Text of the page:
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Activity with the Newspaper

March 11, 2012

Activity with the Newspaper

The newspaper has always been, and remains, an important resource in our lives. Introducing newspapers in the classroom can help students strengthen their comprehension and research skills. Community news keeps it relevant to the kids, enhancing motivation to discuss and learn more about what they are reading. Newspapers are extremely flexible and adaptable to all curriculum areas and grade levels. They bridge the gap between the classroom and the “real11 world. They contain practical vocabulary and the best models of clear, concise writing. While the delivery format has changed and now includes electronic editions and websites, newspaper content reflects people’s needs and interests.

The newspaper can be a very useful resource to help students develop and apply reading skills because:
• The reader is already familiar with the content as it refers to local people, places and events.
• The newspaper contains linguistic and non-linguistic texts to inform the reader.
• The newspaper includes a variety of genres, discourse structures and visual elements.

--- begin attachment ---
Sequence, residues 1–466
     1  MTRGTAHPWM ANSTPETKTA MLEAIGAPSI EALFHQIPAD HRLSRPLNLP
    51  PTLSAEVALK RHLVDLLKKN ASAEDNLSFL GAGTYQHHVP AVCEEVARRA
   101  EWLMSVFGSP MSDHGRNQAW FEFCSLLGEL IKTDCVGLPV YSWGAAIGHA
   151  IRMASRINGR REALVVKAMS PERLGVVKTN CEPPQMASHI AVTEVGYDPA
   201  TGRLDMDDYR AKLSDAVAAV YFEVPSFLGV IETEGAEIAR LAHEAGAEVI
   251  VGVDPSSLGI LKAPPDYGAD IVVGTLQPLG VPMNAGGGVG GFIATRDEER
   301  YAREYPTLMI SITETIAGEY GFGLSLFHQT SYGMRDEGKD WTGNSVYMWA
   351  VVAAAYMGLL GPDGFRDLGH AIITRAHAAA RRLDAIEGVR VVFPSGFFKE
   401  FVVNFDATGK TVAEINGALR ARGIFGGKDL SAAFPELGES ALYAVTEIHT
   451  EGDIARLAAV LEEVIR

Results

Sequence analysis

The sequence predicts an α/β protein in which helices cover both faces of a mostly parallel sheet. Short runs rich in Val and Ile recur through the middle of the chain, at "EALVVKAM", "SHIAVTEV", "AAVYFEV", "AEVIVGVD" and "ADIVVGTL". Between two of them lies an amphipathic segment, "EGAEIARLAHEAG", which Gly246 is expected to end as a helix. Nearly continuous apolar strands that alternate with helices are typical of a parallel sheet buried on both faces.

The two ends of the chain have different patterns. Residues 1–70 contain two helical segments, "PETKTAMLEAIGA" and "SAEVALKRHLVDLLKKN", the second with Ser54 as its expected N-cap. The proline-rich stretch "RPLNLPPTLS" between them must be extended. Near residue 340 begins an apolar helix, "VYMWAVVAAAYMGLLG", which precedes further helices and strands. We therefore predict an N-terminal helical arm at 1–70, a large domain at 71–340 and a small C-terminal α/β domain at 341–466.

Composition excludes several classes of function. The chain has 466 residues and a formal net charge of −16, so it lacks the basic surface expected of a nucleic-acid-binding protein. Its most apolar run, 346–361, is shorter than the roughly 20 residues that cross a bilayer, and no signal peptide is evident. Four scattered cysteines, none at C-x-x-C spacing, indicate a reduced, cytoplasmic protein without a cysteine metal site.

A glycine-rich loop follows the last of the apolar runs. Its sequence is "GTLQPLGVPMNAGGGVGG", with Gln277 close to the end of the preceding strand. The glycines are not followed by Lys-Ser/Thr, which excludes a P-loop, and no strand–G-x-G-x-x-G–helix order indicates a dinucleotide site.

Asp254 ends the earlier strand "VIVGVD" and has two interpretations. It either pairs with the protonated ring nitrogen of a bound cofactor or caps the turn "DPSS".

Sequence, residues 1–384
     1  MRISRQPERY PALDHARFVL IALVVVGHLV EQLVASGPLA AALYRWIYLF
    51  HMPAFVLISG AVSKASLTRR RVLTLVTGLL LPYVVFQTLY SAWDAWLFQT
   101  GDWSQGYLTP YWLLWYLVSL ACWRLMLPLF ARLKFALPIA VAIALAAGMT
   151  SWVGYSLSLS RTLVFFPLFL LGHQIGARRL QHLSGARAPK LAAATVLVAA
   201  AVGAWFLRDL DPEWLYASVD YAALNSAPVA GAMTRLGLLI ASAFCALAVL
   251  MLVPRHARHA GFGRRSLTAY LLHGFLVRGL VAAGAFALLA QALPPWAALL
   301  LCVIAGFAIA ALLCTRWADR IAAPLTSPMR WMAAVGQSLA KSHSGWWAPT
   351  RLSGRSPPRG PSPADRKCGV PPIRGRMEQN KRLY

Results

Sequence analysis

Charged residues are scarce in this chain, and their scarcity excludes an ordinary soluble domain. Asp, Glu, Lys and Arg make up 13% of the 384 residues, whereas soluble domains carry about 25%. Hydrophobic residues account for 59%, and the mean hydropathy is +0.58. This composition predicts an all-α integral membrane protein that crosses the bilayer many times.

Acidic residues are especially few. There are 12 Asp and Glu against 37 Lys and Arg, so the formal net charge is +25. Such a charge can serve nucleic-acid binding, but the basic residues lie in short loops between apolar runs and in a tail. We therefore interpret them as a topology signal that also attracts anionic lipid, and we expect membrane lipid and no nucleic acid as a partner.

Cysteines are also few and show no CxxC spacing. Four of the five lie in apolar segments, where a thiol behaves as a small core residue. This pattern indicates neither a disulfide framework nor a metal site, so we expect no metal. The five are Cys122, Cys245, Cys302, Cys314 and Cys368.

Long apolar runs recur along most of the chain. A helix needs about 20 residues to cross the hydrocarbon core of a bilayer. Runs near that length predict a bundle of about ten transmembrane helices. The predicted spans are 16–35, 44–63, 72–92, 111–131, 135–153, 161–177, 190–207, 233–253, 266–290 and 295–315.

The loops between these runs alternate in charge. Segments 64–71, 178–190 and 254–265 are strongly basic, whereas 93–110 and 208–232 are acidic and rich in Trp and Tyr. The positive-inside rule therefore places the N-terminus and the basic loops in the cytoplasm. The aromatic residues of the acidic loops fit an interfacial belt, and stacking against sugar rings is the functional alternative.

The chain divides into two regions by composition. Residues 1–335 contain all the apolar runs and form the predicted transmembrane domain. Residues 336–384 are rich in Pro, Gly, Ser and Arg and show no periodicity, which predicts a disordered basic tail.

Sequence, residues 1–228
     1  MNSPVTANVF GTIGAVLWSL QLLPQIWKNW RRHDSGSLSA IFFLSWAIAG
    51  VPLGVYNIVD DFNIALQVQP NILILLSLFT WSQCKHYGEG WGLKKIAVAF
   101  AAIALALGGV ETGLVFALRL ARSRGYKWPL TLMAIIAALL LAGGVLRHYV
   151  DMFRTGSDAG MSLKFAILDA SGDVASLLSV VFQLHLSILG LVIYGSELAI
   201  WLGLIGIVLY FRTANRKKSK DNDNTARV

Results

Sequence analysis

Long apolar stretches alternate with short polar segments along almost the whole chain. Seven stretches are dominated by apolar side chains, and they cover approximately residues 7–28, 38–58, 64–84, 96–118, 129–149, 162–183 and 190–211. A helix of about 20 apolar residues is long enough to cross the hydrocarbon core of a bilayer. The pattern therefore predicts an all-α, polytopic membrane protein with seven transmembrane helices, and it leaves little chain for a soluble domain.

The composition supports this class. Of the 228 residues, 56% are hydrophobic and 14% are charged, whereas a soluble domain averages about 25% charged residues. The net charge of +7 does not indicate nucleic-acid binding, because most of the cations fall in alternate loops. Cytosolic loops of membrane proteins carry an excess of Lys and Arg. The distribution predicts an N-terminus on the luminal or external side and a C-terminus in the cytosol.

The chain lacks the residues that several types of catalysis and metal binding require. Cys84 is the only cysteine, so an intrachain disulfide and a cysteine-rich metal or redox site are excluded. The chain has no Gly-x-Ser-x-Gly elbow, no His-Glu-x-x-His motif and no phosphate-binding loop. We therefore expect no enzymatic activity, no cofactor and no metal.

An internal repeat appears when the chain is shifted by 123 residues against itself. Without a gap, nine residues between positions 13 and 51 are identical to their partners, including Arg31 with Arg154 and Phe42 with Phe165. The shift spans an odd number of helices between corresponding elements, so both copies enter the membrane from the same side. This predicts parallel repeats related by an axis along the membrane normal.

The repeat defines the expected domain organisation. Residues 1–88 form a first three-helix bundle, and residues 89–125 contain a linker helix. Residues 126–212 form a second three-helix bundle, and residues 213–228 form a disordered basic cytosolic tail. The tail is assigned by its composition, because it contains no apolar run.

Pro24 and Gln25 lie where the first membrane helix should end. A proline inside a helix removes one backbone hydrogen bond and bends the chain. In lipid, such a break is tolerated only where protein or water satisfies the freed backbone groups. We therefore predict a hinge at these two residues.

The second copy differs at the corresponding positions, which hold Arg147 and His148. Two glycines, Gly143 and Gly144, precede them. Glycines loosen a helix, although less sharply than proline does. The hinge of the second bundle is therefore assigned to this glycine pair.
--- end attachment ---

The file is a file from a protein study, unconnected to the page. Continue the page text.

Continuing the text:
• Newspaper activities encourage thinking at many different cognitive levels.
• The socio-cultural context is familiar because it reflects the reader’s daily life and experiences and serves the reader’s needs, making the newspaper a highly motivational text.

At least once every week, take a few minutes to tell students about something you enjoyed reading in the newspaper, such as:
• A comic strip that made you laughs
• A movie review that has convinced you to see a particular film
• A television review that makes you think differently about a particular program.
• A sports story that revisits a game you saw on television or tells you about a game you missed
• Weather information that caught your attention.
• A letter to the editor that made you smile or think differently about the topic
• A map that helped you understand more clearly where a story took place

Expand your vocabulary with this activity

Assign each student a letter of the alphabet. Ask students to browse through the newspaper, find five unfamiliar words beginning with the assigned letter, and look up the definition of each. Then have each student create and illustrate a dictionary page containing the five words and their meanings. Combine the pages into a classroom dictionary. In a variation of this activity, you might ask students to look in the newspaper for any of the following:

• Words with a particular suffix or prefix
• Words containing a particular vowel sound or consonant blend
• Compound words
• Words in the past, present, and future tenses
• Possessives
• Plurals



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